Victorian health authorities have confirmed two new locally acquired cases of coronavirus on Tuesday, after earlier reporting no new cases.
The cases were confirmed after midnight on Monday, and will officially be part of Wednesday’s figures.
They are residents of a housing complex in Southbank, in Melbourne’s inner city, and have been isolating amid fears the virus was spreading in common areas of the development.
Both are close contacts of an existing positive case.
A total of six people who live in the Southbank townhouses have now tested positive for COVID-19.
COVID-19 commander Jeroen Weimar said the two new cases were both men, who live in separate apartments “adjacent to the four other positive cases that we’ve already seen in that wider complex”.
“Those two positive cases are connected to some communal areas that we are concerned about, thoroughfares within that particular complex,” Mr Weimar said.
The first three cases were transferred to hotel quarantine after testing positive.
One positive case, a baby, is still in the complex with its mother.
Hundreds of people who live in the low-rise community were forced into self-isolation on Sunday, after authorities established a link between two previous coronavirus cases who live there.
On Monday, the townhouses were identified as the common link between an aged-care worker, who lives in the development, and another resident who was confirmed with the virus at the weekend.
Authorities set up a pop-up testing clinic at the complex on Monday, and the registered owners of the 100-plus dwellings in the development were notified.
Nurses were going door to door, aiming to test everyone in the complex.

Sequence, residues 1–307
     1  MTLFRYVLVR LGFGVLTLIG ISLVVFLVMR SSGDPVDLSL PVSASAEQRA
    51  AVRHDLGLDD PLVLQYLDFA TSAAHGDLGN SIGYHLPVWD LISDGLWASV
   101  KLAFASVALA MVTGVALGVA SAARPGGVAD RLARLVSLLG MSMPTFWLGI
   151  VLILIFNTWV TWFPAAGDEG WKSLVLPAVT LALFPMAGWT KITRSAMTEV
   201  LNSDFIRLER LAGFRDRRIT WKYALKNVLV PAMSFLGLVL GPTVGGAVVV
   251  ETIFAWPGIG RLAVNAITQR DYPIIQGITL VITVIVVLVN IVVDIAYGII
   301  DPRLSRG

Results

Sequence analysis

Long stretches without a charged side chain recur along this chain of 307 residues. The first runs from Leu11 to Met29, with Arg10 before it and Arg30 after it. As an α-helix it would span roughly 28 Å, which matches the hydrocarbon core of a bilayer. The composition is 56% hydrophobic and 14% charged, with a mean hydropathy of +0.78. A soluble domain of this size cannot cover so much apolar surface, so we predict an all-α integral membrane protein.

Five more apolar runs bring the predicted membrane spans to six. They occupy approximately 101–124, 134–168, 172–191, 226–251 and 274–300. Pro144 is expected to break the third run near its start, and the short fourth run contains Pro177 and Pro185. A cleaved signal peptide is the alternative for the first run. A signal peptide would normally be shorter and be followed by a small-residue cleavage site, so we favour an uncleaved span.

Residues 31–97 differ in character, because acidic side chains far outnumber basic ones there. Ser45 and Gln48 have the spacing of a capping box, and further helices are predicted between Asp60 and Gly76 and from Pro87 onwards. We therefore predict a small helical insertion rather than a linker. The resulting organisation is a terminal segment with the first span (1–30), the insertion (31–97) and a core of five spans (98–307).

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On Tuesday, Health Minister Martin Foley said more than 200 people had already been tested.
“We’ve started to get those results this morning. I can confirm that we have been notified of two further positive cases inside that building amongst people that we have identified as primary close contacts through those testing actions yesterday,” he said.
Tuesday afternoon’s update came after the state health department earlier confirmed Victoria had no locally acquired cases of COVID-19 in the 24 hours to Tuesday morning.
Some 15,067 Victorians were tested and 9997 received a vaccine dose at a state-run hub during the same period.
Walk-in vaccinations for the Pfizer vaccine have been halted in Victoria for the rest of the week to try to preserve supply for already booked first and second doses.
“We have the supply to meet all those second doses … but we can’t keep doing the first doses at the rate that we would like to,” Mr Foley said.
Victorians who are aged over 50 years old are still able to attend walk-in appointments at vaccination hubs to receive the AstraZeneca jab, according to the Department of Health.